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Melvin Benn calls for action on secondary ticketing

By | Published on Wednesday 4 July 2012

Melvin Benn

Festival Republic chief Melvin Benn has done his bit to keep the secondary ticketing debate alive by writing a polemic for The Independent calling on the government to introduce regulations for touting across all forms of entertainment, and not just football, where ticket reselling is illegal, and the London 2012 Games, where touting has been outlawed via special Olympics legislation.

Benn writes: “The government brushed off concerns [about secondary ticketing] by claiming that ticket touts are an irritant from which people can walk away. Yet this ignores the fact that the longer the secondary ticket market stays unregulated, the more we’ll see the emergence of a two-speed economy in the arts and culture”.

“Here at Festival Republic we organise large-scale festivals such as Latitude, Reading and Leeds. Our whole business is geared around providing thousands of people with the opportunity to see their favourite artists and take in a selection of entertainment from across the arts, all for one ticket price that we believe is fair and affordable. I don’t, unlike ticket touts, want to see ordinary people priced out of going to see concerts, plays or matches in a time of austerity”.

“I also believe it’s very unfair that the profits made on secondary ticket sales go not to the organisations that take on the risk of mounting cultural events like Latitude, which brings together hundreds of bands, theatre companies, writers and artists, nor to the charities we work with. Instead, they go straight into the pockets of touts, who in turn then pay no tax on their profits”.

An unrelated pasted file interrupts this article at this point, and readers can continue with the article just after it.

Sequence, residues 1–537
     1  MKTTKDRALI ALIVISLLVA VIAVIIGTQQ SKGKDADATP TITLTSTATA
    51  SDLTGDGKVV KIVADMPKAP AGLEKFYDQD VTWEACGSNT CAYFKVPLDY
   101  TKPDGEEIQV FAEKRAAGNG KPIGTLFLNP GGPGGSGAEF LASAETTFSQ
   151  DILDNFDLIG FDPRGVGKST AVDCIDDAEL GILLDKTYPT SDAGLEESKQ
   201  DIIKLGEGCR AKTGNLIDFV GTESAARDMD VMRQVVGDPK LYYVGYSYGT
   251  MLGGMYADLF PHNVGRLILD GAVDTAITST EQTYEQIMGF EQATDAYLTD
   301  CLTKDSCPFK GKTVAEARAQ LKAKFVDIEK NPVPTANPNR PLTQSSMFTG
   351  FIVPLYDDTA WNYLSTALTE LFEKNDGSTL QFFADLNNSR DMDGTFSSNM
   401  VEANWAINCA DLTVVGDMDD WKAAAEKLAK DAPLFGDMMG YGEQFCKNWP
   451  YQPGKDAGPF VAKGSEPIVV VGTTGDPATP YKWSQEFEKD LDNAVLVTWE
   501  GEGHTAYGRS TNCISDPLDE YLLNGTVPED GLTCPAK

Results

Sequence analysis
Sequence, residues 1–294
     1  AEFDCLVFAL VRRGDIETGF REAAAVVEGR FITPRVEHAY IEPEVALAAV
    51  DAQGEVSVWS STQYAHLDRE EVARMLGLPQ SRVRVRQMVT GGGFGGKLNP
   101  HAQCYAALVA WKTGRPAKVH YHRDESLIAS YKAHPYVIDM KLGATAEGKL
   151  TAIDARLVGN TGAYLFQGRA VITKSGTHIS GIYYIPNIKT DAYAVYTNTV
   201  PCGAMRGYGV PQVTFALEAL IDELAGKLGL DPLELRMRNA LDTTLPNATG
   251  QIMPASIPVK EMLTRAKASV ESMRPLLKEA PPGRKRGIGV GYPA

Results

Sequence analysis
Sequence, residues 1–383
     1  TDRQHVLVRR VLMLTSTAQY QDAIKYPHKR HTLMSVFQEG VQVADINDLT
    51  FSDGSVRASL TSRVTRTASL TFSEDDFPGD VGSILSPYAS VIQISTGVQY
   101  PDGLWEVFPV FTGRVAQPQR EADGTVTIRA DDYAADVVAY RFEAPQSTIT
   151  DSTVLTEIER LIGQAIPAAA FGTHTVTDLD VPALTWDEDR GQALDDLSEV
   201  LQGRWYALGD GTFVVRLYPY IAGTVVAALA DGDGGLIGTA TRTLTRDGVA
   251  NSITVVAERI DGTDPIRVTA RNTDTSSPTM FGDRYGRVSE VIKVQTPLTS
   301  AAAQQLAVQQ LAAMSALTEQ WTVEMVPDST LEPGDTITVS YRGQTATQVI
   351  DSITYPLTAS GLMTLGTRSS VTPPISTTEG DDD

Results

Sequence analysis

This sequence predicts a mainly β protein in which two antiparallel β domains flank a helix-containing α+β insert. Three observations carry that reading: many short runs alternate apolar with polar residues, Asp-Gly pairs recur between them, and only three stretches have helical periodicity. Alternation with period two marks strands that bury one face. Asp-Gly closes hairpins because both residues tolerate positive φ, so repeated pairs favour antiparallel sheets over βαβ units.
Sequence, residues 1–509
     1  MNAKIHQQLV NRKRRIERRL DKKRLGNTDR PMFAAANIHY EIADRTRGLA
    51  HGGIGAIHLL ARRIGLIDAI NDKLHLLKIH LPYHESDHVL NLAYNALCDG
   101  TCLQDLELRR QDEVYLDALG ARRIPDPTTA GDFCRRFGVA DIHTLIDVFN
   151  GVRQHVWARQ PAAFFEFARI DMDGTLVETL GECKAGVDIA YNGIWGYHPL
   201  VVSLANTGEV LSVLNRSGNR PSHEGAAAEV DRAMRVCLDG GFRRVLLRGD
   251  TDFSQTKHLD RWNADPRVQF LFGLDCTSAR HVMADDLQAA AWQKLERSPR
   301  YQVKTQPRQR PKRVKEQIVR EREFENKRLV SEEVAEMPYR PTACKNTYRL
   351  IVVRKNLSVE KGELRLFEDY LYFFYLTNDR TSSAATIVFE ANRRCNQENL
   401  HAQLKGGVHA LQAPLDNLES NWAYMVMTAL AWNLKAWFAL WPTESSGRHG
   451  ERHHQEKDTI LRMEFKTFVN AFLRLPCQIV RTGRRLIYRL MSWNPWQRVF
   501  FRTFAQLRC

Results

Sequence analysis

Noting that some, including Culture Secretary Jeremy Hunt, have suggested there are technical solutions to secondary ticketing that would be more effective than new touting regulations, Benn argues that forcing gig goers to provide ever increasing amounts of ID, to prove they were the original buyer of a face-value ticket, is not a welcome route to go.

He concludes: “The time has come for the secondary market to be regulated, and a 10% profit cap to go on the resale of tickets as called for by Sharon Hodgson MP”. As previously reported, Hodgson has been campaigning on this issue in parliament for some time, and her case was aided earlier this year when the Channel 4 programme ‘Dispatches’ ran an expose into the corporate end of the secondary ticketing market.

As also previously reported, that documentary accused some of the companies that claim to only provide the technology to help others to resell tickets online, of actually buying up large amounts of tickets to in-demand events themselves – sometimes in partnership with the promoters of said events – and then selling them on at a large mark up to fans who missed out on standard price tickets when they first went on sale. Those promoters involved in such practices claimed they only formed partnerships with ticket tout companies because the government failed to curtail the growth of ticket reselling.